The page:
A group blog featuring an international array of killer mystery, suspense, and romantic suspense writers. With premises and story lines different from your run-of-the-mill whodunits, we tend to write outside the box. We blog several times a week on all topics relating to romantic suspense and mystery, our writing, and our readers. We welcome all comments and often have guest bloggers. All our authors can be contacted separately, too, using their own social media links.

We find our genre delightfully, dangerously, and deliciously exciting - join us here, if you do too!

Julie Moffet . Cathy Perkins . Jean Harrington . Daryl Anderson . Nico Rosso . Maureen A Miller . Sandy Parks . Lisa Q Mathews . Sharon Calvin . Lynne Connolly . Janis Patterson . Vanessa Keir . Tonya Kappes . Julie Rowe . Joni M Fisher . Leslie Langtry

Monday, September 26, 2011

Setting Chaos Right

Admittedly, there is something strange about those who spend a great deal of their time in thinking up ways to do away with another of their fellow beings. Someone once wrote that a person who repeatedly tries to devise a way of killing another is either a psychopath or a mystery writer, and that sometimes the line between them blurs. They even use a similar line over the opening credits of the TV show CASTLE.

I resent that. I spend a great deal of time finding ways to eradicate some poor soul, but I don’t feel like a psychopath. At least, not most of the time.

So why do I do it? Why do any of us do it?

Aside from the fact I’m much too afraid of getting caught to even think of trying anything for real, I believe we do it because as writers and as readers we fans of murder have a very strict sense of honor and decency and justice.

Whether we’re plotting the demise of a nosy next door neighbor or creating a scheme to eradicate the populace of a distant planet, we are creating mayhem and chaos. Murder is against the natural order of things – it is unnatural, and the unnatural is disturbing to us. However – if we create it ourselves as writers, we control it. We know from the beginning that however bad things get, we can set it right and good will triumph again.

Now I can hear some of you muttering that there are many books where the killer is not punished, that he walks away unscathed. Yes, of course there are, but in the traditional mystery framework (even if it is set on a distant planet many eons in the future or the past) we know that the bad will be punished and order restored. Even if the law is not served, justice will be, and the two are not always the same thing. Sometimes a murder is a good thing, and to punish the killer would be unfair. As was written in Texas law until not too many years ago, there are some folks who just need killing!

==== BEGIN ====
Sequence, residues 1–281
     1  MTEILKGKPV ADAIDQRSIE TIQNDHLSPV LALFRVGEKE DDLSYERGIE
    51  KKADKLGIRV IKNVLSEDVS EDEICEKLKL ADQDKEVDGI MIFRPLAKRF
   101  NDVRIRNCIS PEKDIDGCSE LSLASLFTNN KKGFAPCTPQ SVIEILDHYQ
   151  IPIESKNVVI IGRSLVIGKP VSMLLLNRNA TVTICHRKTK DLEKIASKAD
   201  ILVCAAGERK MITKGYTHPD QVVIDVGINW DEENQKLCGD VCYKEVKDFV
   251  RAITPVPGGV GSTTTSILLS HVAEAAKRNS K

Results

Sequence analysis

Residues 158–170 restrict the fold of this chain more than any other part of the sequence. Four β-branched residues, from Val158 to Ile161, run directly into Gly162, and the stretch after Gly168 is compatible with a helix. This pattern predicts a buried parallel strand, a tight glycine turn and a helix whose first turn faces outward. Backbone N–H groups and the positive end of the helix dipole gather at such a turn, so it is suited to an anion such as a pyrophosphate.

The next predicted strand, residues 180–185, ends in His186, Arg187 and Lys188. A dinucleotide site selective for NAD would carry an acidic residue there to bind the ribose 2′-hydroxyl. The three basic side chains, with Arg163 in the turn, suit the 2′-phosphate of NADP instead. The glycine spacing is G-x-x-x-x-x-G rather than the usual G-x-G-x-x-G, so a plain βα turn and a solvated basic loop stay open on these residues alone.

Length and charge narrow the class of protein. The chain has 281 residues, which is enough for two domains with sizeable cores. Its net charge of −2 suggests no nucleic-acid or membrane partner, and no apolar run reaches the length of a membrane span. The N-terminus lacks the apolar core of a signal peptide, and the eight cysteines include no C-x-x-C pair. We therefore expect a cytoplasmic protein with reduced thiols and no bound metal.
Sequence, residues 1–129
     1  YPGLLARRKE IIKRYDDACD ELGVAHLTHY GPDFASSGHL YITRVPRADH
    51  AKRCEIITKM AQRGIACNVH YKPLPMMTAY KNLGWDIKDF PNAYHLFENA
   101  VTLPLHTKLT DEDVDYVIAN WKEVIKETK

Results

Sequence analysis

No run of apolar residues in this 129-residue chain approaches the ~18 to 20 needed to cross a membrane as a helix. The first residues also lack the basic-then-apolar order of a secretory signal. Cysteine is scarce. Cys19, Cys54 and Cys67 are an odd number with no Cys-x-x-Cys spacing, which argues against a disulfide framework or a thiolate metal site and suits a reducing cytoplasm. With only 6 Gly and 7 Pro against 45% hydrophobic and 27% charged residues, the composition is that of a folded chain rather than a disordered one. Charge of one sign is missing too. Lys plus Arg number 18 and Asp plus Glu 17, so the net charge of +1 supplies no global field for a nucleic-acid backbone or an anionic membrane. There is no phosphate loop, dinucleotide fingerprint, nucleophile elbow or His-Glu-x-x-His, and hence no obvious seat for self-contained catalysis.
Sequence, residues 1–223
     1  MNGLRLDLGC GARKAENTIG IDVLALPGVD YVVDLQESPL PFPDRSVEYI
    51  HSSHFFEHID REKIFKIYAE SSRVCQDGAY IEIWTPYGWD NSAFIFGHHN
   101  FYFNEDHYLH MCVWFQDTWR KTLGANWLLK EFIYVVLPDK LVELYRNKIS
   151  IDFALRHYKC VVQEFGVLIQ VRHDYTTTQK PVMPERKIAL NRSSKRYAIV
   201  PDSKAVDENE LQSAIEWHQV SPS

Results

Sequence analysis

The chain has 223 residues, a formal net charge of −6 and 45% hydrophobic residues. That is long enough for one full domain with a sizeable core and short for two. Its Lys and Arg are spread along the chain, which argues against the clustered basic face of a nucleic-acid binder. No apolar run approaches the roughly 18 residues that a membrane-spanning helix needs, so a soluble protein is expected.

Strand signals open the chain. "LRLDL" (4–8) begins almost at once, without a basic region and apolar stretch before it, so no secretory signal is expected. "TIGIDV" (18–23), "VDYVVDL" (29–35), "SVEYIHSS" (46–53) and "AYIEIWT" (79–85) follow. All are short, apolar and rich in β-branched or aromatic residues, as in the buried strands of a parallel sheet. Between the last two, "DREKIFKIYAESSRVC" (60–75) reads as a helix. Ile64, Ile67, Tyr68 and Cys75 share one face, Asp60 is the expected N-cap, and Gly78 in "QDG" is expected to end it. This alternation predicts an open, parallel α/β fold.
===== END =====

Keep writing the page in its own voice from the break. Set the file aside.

By contrast, real life is messy. People are murdered and the perpetrator is never caught, and sometimes even if he is he isn’t convicted. There is no guaranteed happy/good/righteous ending, and sometimes the uncertainty of that ambiguity is unbearable. I think people turn to mysteries both as readers and as writers because they need the framework of justice guaranteed to be triumphant. I know I do.

In the worlds we create horrible things happen, yes, but right and justice prevail. The murderer is going to be stopped some way. Our senses of balance and security and rightness are restored. All is well.

Would that it could be that way in real life.

Janis Susan May / Janis Patterson


Marcelle Dubé said...

Good post, Janis. I agree--the satisfaction we gain from writing and reading mysteries (especially murder mysteries) has to do with righting wrongs and putting order back into chaos. That's why I find a murder mystery that doesn't provide justice at the end so unsatisfying.

Toni Anderson said...

I'm not sure I agree that murder isn't natural--I think there arguments that it is. It certainly isn't socially acceptable (thank goodness). I do think your are dead on (hah) about why we like our mystery stories. We like the ending to tie up all the threads and evil to be punished and the good to get their rewards. Good storytelling feeds this very basic human need. It's a fascinating subject.

Wendy Soliman said...

Isn't it lovely to be able to get revenge and make people do precisely as you wish. Shame it's not like that in real life. Perhaps that's why I prefer a fictional world where I'm firmly in charge!

Kathy Ivan said...

I think that is part of the appeal of being a writer--I am able to provide a satisfactory conclusion to the bad things that have happened throughout the story, resolve all unanswered questions and provide a sense of closure for not only the H and H but the reader, as well.

Of course, getting to think up diabolical ways of doing away with people is only a bonus. LOL

MaureenAMiller said...

If only our powers with the 'pen' could be applied to real life. We could have the proverbial 'red phone' sitting on our desk.

Red phone rings.

"Maureen speaking."

"Maureen, this is NYPD. We need your help."

"Alright. Let me get my pen." :)

Great post, Janis. Keep setting chaos straight!

Janis Susan May/Janis Patterson said...

Thanks for all the replies - I agree that writing is a little bit like (and sometimes uncomfortably like) playing God. As PD James said, "I love the power of authorship. I can kill someone and leave the body lying right there on the page."

Shirley Wells said...

Great post, Janis. I believe it's a need to find order among the chaos. How many people say "Oh, if only I could be President for a day...?" Well, we can. We can be anyone. We can slay the baddies and make the world a better place. It's great fun.

I love the idea of Maureen getting The Call from NYPD. :)

More Popular Posts